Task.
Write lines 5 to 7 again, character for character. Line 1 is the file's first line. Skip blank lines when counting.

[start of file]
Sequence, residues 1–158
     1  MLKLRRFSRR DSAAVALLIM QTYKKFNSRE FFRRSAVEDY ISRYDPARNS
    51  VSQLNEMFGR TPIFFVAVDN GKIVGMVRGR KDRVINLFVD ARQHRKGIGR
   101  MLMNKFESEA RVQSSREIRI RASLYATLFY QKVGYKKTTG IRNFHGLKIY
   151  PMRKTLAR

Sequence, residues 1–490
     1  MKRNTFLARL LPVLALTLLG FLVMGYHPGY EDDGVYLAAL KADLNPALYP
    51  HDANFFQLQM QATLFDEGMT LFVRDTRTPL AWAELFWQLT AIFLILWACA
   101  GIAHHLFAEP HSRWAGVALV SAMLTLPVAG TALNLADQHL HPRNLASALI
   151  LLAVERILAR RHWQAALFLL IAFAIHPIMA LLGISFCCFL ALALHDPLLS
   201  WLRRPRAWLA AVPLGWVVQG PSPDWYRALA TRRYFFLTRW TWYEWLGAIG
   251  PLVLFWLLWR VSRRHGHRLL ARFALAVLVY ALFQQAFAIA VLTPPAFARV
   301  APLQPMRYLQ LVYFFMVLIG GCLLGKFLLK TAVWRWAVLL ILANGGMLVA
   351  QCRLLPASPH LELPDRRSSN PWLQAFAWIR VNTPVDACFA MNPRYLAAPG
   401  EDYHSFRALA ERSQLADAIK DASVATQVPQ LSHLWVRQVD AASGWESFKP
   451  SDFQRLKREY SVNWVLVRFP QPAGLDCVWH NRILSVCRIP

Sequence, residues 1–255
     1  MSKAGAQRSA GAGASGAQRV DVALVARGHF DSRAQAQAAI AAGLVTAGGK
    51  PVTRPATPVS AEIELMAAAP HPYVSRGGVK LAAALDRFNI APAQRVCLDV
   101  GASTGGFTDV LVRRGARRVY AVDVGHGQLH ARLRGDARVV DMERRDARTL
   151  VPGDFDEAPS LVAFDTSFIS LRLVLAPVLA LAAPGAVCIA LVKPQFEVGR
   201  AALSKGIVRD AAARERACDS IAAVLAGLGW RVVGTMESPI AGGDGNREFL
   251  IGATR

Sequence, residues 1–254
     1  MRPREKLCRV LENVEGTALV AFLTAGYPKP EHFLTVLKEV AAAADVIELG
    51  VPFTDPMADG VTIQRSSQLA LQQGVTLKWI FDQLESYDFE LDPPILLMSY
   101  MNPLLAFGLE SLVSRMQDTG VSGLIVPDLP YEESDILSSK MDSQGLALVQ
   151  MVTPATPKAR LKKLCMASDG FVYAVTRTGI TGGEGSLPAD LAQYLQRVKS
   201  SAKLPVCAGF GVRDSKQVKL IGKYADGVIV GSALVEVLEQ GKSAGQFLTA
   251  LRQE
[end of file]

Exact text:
   151  PMRKTLAR

Sequence, residues 1–490
     1  MKRNTFLARL LPVLALTLLG FLVMGYHPGY EDDGVYLAAL KADLNPALYP